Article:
You might have stumbled upon Elementary Chinese’s daily tone quizzes on Instagram. I find weird and wonderful objects from day-to-day life and teach expats in China how to recognize tone pairings. Instead of mindlessly scrolling through your Instagram feed before you go to sleep, you can excercise your mind and fluency as a part of your regular day.
Tones — The Basics
There are four tones in Chinese.
The first tone is flat. Listen along to the video above for the audio. I don’t care what your Chinese friends tell you or what your books say, it’s just a flat tone. You can’t worry about whether it’s high or low, it’s just flat. They are even, there is no fluctuation in your voice when pronouncing this tone.
The second tone is rising. This tone is actually longer than the other tones. If you make your voice go from a lower pitch to a higher pitch and hold it longer than the other three tones, any Chinese person will recognise this as th second tone.
The third tone. Books describe this tone as a “V.” They tell you to drop your voice first then raise your voice back up again. That is not true. Chinese people talk really quickly. When they speak, they do what I call a ‘creaky voice.’ It’s like a frog voice. It’s shallow, and it’s short.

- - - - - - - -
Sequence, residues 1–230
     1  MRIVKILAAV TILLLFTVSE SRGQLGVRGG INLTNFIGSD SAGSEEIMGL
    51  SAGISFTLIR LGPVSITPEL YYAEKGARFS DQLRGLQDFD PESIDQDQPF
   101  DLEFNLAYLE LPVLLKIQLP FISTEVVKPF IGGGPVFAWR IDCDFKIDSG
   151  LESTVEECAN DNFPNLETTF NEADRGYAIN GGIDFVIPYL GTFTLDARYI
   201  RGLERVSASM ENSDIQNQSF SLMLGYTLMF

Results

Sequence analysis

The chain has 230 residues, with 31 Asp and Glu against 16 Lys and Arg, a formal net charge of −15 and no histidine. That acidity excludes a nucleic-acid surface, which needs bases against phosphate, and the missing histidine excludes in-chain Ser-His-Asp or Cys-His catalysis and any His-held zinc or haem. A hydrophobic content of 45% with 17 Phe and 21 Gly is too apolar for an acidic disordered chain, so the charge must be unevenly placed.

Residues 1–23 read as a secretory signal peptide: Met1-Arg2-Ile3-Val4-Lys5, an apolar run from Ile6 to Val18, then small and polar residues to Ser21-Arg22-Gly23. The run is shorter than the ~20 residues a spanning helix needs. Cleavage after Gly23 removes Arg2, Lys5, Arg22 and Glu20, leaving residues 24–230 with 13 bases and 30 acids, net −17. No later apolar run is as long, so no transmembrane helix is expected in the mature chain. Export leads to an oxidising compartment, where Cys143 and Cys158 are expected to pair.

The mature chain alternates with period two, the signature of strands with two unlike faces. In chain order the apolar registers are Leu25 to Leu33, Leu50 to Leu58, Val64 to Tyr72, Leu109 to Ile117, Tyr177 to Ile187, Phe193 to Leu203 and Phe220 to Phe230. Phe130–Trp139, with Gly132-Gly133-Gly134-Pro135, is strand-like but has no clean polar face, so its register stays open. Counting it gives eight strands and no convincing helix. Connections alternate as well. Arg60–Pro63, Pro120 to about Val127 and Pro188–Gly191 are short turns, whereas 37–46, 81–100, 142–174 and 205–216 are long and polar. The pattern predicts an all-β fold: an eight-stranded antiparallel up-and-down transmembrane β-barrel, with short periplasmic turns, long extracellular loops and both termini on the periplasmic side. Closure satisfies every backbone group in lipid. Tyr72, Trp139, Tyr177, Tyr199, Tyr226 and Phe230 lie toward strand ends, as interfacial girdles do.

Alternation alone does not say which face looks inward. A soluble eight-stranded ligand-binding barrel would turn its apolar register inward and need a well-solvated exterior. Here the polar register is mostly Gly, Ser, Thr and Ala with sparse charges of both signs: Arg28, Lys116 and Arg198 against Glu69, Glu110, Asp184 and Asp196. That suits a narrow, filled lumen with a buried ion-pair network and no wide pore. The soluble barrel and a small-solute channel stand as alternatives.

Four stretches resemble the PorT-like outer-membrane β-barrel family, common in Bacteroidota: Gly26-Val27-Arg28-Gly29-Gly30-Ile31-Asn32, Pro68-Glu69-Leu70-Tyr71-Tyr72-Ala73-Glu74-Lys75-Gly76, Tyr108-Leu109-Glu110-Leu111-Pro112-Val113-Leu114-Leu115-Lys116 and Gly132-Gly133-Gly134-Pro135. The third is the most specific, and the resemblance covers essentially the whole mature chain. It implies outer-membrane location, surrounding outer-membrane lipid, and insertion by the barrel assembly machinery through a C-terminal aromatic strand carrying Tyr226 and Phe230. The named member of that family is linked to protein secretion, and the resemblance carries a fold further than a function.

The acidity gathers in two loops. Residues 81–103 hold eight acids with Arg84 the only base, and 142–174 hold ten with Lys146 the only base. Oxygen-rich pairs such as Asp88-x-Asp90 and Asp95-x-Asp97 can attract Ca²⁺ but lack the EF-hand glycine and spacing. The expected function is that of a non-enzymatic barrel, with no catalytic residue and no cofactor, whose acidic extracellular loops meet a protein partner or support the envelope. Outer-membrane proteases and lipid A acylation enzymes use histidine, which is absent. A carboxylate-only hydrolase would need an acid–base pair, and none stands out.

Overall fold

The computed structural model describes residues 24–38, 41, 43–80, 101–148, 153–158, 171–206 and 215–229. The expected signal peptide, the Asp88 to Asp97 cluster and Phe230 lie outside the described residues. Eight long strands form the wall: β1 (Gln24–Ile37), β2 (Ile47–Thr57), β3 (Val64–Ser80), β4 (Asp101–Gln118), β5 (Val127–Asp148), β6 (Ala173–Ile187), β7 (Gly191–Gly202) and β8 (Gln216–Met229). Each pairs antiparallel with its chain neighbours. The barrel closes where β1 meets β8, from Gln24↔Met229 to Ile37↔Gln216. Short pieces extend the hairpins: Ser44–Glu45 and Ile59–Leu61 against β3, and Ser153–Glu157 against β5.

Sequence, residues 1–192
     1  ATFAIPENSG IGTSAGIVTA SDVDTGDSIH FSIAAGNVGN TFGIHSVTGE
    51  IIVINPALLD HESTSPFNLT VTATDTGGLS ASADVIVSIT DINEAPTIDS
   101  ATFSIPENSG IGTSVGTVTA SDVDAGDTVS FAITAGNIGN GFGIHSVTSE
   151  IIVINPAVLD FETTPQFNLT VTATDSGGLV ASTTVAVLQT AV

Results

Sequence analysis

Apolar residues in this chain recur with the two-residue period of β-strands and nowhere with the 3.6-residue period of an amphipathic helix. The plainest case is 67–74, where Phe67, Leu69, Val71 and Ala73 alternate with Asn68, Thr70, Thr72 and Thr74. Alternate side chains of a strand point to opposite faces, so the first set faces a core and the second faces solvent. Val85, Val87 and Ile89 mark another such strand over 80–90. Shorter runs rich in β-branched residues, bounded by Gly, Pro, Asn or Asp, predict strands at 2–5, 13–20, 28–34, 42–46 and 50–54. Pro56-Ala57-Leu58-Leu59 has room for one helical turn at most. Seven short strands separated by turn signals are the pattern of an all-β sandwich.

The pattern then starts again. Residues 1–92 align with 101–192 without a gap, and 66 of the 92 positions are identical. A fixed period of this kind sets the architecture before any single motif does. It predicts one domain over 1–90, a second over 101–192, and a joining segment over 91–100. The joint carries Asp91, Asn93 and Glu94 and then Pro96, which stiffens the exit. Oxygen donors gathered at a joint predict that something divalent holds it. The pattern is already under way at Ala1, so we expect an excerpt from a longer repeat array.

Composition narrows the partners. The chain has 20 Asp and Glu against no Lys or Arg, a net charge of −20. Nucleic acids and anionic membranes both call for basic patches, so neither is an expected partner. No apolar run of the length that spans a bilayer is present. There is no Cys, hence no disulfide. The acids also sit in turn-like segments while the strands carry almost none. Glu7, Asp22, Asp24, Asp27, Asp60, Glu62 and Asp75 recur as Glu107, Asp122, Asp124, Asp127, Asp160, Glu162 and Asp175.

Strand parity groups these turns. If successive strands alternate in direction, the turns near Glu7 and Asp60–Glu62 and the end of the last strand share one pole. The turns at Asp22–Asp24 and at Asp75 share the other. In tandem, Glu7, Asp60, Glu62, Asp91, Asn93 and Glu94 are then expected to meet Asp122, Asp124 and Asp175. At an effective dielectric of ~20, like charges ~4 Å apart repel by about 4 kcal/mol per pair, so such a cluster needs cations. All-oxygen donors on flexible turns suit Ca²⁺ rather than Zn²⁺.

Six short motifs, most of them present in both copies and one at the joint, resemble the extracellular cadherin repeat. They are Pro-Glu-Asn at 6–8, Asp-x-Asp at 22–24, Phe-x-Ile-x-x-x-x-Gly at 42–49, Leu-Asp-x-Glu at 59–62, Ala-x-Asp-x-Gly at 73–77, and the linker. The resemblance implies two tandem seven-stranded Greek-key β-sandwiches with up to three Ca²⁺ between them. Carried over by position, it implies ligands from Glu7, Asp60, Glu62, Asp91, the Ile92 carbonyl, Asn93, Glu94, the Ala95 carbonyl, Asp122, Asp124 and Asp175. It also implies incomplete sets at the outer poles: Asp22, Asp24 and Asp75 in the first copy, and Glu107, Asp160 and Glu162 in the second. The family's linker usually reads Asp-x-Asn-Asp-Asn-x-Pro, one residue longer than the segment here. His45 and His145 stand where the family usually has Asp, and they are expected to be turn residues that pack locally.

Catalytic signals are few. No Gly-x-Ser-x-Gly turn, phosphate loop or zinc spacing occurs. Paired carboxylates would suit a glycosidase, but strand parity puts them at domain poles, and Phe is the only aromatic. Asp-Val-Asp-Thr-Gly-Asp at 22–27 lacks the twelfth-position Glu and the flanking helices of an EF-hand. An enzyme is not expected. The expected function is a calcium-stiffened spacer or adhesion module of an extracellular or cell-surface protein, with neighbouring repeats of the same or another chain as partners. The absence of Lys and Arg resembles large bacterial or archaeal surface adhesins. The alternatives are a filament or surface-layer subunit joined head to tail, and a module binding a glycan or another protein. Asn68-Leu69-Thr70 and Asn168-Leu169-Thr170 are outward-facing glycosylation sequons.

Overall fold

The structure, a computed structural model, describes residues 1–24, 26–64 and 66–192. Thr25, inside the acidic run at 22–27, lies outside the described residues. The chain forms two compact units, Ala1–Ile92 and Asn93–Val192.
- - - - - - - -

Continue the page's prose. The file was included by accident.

The fourth tone. Quick. Exaggerated. It starts high, and it drops low super quickly. It’s abrupt. It sounds a little bit angry.
Some of you said that when you first started listening to Chinese speakers, they sounded like they were fighting. This is largely because of the fourth tone.
Still struggling? Listen along to the video above for the audio
Why are tones so hard?
In my WeChat group, we practice tones daily. The thing I see students struggle with the most is when they need to use the same tone twice in a row.
Two fourth tones
So, what happens when you have two fourth tones one after the other? You can have two very quick, short words. However, the first one starts a little higher and the second word is a little lower. They both drop, but the second one drops a little lower.
A lot of people struggle with the two consecutive fourth tones because they start too low to begin with. The second fourth tone is then higher than the first one, which is incorrect because a Chinese person hears that as a third tone and then a fourth tone.
A third tone that comes before a second tone
These tones connect. The second tone starts at the pitch that your third tone finishes at. They actually shift a little bit so that if your third tone finishes a little bit low, your second tone will begin at that pitch and then rise.
It’s not all about the pitch!
It’s also about the length of the tone. The third and fourth tones are very short. The second tone is longer than all of the other tones, and the first tone is a natural (normal) length.
If you say the correct pitch but use the incorrect length it is still incorrect, and can sound off or confusing to other Chinese speakers.
What tone do you struggle with the most? Comment below or follow me on Instagram and we’ll help you perfect your tones.